Lamarck is representative of the tradition of science that preceded Positivism with its emphasis on elemental matter and its exclusion from consideration of mind and volition. Lamarck would therefore be a useful starting point, along with his contemporary Erasmus Darwin, Charles Darwin's grandfather, for a Post Positivist tradition of evolutionary theory.

To account for how the invertebrate species he studied appeared to generate one another in succession, while becoming better adapted to their environments, Lamarck proposed two processes. One was a complexifying process leading to new capabilities, due he supposed to a "subtle fluid" in creatures' bodies, employing a catch phrase of 18th century science. The other process was adaptation to the environment through the use and disuse by individual creatures of those capabilities. The changes wrought in creatures' bodies by that use and disuse Lamarck supposed got inherited in progeny.

"Subtle fluid'" didn't cut any ice with Positivists like Charles Darwin, who replaced both of Lamarck's processes with the implacable grinding mill of natural selection. Turned out, though, that natural selection couldn't generate complexifying variation as efficiently as Lamarck's "subtle fluid," whatever that really was.

Unfortunately for us today, Erasmus Darwin's fame died with the 19th century and Lamarck is notorious for his obscurity. Fortunately Samuel Butler in "Life and Habit" came up with a more accessible summary of their views that we can use as our jumping off point.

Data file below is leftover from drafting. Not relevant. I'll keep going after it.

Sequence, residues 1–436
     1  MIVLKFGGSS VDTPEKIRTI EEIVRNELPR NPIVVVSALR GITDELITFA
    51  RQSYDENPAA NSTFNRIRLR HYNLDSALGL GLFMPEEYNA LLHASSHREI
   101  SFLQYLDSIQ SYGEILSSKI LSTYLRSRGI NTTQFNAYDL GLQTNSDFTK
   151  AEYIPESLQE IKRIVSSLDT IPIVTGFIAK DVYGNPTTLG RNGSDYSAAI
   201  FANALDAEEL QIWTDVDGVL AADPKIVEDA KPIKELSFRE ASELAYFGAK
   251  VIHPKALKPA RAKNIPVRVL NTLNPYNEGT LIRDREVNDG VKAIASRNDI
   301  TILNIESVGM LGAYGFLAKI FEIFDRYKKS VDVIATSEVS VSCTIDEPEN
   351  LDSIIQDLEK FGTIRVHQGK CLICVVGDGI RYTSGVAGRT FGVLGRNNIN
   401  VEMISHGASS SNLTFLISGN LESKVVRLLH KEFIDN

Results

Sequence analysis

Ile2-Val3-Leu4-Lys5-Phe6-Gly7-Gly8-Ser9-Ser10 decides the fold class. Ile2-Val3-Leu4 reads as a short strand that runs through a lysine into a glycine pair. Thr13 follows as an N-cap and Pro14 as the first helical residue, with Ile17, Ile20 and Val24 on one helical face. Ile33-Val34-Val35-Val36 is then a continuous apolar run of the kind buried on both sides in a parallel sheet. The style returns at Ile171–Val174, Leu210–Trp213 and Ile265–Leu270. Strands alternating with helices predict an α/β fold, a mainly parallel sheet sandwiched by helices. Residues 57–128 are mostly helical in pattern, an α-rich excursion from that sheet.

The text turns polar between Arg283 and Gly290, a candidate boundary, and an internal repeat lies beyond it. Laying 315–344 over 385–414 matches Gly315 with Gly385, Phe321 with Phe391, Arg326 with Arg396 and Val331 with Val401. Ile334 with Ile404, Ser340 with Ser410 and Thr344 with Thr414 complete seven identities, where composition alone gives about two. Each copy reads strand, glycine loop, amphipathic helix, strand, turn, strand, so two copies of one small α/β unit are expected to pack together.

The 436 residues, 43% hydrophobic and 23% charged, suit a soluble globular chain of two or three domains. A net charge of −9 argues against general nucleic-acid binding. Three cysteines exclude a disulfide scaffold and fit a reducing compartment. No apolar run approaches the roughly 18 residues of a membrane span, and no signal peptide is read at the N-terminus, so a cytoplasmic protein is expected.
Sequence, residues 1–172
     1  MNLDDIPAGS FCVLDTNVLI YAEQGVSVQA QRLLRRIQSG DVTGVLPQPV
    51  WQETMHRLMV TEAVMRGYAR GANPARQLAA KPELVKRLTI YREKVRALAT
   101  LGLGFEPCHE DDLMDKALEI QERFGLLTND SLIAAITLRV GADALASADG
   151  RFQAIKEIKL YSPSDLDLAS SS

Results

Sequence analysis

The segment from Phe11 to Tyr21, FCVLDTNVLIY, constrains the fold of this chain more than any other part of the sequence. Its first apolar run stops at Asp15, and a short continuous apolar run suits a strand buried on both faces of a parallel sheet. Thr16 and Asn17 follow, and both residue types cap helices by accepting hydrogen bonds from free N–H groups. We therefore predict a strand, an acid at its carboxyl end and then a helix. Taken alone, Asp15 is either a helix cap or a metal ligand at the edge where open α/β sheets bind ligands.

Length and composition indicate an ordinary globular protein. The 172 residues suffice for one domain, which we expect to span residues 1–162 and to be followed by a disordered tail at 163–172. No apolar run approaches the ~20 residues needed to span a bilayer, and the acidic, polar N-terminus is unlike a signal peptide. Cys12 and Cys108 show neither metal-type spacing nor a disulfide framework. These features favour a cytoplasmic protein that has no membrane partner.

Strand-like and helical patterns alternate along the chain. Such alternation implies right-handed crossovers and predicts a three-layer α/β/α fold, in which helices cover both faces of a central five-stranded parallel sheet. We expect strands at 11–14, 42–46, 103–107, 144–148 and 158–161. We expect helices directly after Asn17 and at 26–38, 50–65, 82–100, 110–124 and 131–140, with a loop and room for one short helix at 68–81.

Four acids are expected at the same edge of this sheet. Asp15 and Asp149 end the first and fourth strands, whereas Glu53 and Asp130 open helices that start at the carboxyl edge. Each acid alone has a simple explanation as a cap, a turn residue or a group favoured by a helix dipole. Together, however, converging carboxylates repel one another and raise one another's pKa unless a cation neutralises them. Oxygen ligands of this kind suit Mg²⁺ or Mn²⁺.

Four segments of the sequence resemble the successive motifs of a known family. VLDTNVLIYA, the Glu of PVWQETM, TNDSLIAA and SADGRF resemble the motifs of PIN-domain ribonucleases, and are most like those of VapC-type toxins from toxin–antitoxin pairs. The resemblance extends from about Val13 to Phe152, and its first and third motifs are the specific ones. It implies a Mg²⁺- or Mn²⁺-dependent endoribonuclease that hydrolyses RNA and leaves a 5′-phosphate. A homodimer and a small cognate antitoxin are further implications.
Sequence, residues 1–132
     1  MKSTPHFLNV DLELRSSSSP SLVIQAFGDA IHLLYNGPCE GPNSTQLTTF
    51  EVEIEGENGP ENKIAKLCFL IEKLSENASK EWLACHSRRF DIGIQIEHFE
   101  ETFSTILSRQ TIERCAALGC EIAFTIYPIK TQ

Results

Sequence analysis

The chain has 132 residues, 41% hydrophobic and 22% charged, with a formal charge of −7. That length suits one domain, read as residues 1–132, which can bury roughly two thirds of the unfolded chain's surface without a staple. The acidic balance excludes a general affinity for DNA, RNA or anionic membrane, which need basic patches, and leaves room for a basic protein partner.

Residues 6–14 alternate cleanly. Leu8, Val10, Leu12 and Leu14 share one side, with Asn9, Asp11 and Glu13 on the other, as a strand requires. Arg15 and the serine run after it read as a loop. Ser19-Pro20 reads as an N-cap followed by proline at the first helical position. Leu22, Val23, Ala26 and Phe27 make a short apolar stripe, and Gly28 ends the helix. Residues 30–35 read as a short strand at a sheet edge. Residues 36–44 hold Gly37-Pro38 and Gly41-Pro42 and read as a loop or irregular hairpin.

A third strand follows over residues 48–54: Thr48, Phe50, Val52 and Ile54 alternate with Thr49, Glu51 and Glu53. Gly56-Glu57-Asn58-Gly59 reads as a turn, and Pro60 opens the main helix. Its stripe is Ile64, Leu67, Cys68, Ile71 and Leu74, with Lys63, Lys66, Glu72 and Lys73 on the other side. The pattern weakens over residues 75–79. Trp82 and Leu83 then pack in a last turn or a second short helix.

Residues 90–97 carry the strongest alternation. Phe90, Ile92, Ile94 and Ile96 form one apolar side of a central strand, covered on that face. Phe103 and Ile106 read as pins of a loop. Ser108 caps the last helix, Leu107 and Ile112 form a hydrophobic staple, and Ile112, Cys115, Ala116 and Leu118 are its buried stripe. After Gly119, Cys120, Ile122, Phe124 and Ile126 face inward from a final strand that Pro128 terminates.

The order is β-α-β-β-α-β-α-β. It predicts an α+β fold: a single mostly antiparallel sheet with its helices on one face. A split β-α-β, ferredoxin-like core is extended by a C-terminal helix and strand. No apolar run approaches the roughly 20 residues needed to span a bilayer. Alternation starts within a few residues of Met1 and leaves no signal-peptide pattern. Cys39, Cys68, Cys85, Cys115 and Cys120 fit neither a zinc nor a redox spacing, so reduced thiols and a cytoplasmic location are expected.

Butler opted for Erasmus Darwin's "living filament "over Lamarck's "subtle fluid," fortuitously pointing forward to the genome. We may therefore begin a Post Positivist theory of evolution by supposing the genome to be Lamarck's complexifying agent, magically generating new capabilities with potential for new uses while not presumably being the drag on development that mere mutation of genes is likely to be.

We must then ask of the genome two talents. One is intelligently-applied trial and error, demanding of the genome some degree of intelligence. The other is an ability to read success in the application of that intelligence into corresponding properties in genes. No problem. As I have suggested elsewhere, if the genes act as the genome's brain then just by wishing it so the genome could think the necessary changes into the appropriate genes. We see a similar command of brain activation by an intelligence when a dancer effortlessly translates a concept of movement into a massive program of brain cell firings resulting in precisely coordinated contractions of hundreds of muscles.

Hey Presto, a new theory of evolution. Now our work begins. What can we do with such a theory? How can we use it to enrich our experience of the world and of ourselves? That's a task worthy of the humanities.